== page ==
- It requires time to disinfect as well, so it’s not useful if you’re in a rush. Otherwise, UV lights are a convenient, efficient cleaning method.
- Hospitals, airlines, and other organizations are already using UV lights to sterilize environments and slow down coronavirus, but it requires time to fully disinfect an area. Due to the murkiness of clear answers online, we can only recommend consumer-grade UV lights as a supplemental tool in the fight against coronavirus.
- DIY Cleaning Solutions: Sources vary on the most effective mixture.
- Damp Microfiber Cloths or Branded Screen/Lens Display Wipes: we’ll give microfiber a little boost here. Big Tech has been telling us for years that damp microfiber cloths are sufficient for cleaning your phone, but they only wipe away germs. They do not kill them. Microfiber gets rid of smudges and is harmless to your screen display, but it only gives germs a new place to crash. Do not rely on microfiber alone to combat coronavirus.
What NOT to Use:
The methods below are always a bad idea. They’re awful for your phone, possibly awful for you, and should be avoided at all costs. CNET did a nice job compiling additional info on most of these methods.
- 100% Bleach, 100% Vinegar, Ammonia, Hydrogen Peroxide, or a Combination of Any of These Cleaners
- Window Cleaners
- Kitchen Cleaners
- Makeup Remover, Acetone, and Other Strong Solvents
- Soap and Water: This may be effective for your hands, but it may not kill the germs on your phone, and – surprise – it’s a big water hazard to your phone.
- Paper Towels: These are abrasive and may damage your phone’s screen display. Avoid, if possible, by using microfiber, lint-free cloth, or cotton swabs.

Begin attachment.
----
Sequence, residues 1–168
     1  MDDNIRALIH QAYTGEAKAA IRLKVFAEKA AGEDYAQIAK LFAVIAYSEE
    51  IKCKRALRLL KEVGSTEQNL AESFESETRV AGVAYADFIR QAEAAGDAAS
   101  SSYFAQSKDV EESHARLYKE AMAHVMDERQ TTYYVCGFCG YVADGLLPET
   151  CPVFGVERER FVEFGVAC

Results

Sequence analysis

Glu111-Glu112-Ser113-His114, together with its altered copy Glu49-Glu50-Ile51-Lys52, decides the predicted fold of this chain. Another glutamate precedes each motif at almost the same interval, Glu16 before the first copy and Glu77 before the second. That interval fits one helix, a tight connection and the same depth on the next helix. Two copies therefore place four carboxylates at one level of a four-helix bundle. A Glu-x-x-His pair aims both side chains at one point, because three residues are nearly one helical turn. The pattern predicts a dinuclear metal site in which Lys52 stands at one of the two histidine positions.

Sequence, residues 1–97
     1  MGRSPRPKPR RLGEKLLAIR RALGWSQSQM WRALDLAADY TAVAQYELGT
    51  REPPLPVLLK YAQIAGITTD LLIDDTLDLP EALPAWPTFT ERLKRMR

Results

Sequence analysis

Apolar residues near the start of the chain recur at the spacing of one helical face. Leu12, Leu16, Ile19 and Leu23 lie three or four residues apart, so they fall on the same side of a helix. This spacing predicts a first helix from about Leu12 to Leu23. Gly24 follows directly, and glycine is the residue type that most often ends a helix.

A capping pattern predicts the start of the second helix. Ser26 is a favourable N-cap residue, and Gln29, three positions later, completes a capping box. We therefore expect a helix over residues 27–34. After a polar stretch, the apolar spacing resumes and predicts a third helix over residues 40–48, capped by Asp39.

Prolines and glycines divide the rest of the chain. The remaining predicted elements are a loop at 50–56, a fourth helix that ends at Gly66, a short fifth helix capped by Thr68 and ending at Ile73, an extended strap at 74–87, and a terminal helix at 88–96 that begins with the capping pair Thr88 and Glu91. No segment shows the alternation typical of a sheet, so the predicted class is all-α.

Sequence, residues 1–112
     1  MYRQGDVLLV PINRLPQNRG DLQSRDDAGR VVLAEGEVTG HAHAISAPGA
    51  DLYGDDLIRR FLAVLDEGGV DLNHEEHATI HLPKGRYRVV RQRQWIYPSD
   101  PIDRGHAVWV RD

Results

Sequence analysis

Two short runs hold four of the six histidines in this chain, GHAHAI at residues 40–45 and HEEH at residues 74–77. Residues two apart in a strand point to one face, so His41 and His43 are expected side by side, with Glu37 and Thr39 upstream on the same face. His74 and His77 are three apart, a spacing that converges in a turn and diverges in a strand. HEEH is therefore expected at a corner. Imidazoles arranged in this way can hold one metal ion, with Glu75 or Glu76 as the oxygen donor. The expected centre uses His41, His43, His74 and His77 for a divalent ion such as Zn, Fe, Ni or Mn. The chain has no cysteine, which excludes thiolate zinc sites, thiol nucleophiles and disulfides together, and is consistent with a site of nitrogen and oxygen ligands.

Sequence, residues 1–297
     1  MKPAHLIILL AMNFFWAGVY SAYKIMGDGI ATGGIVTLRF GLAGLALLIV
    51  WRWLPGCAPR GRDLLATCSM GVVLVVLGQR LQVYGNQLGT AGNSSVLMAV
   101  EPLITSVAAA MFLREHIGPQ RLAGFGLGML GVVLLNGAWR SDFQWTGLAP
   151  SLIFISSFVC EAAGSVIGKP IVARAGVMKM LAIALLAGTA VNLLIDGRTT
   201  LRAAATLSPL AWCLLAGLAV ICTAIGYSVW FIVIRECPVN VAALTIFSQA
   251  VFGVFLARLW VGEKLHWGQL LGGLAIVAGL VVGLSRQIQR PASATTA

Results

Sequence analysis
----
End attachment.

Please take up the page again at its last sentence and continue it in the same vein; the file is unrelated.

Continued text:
- Compressed Air: It may be tempting to blow out your phone's ports and speaker grills with compressed air to get rid of dust, but it can do lots of internal damage. Worst case scenario: you just blew coronavirus particles back into the air.
Protect Your Phone from Coronavirus and Other Germs
There’s even more you can do to keep your phone from becoming a coronavirus landing pad:
- Keep it in your pocket: Don’t take your phone out in a public bathroom or on public transportation. Leave it in your pocket at the hospital or in the waiting room if you can. We know, it’s hard, and you may need to have your phone ready for urgent calls or messages. If you don’t, stow it.
- Don’t put it on public surfaces: See above. Don’t pick up germs that are just laying around waiting for you.
- Clean what it touches: We know you put it in your purse or handbag, on the kitchen table, countertop, cabinets, floor, end tables, couch cushions, laptop, and nightstand. We know it. We do it, too. It might touch your wallet. Its protective case might be your wallet. We can’t tell you to stop putting your phone on these surfaces like we can public surfaces, but we can urge you to disinfect them regularly!
- Avoid passing it around: you can hold it up to share photos and videos with the people around you, but don't put it in their hands. Have people dictate contact info, directions, or other info to you instead of letting them type it in themselves.
- Limit direct touches by using Bluetooth devices, voice commands, and peripherals: Who says you need to touch your phone to use it? Now’s a great time to stretch the limits of available technology and see how much you can accomplish without actually touching your phone.
- Fix broken screen displays: Cracked screens give microbes extra surface area to cling to, and if there's a sharp enough edge, you might be able to cut yourself and give those microbes an easy path into your body. A fixed phone is a healthy phone.
Flatten the Curve: Stay Informed and Stay Safe
In closing, phone hygiene is one of the many small ways you can keep yourself and those around you healthy during the coronavirus pandemic. The information represents the most accurate information we could gather online, and when in doubt, we always recommend following advice offered directly by the CDC, EPA, and WHO.
By acting responsibly with our phones, we may do a better job of flattening the curve of the coronavirus outbreak, keeping ourselves healthy and making it easier for those who’ve transmitted the disease to get the care they need. We will continue to update you with news on the outbreak, and we encourage you to do the best you can in all areas of your life to help fight it!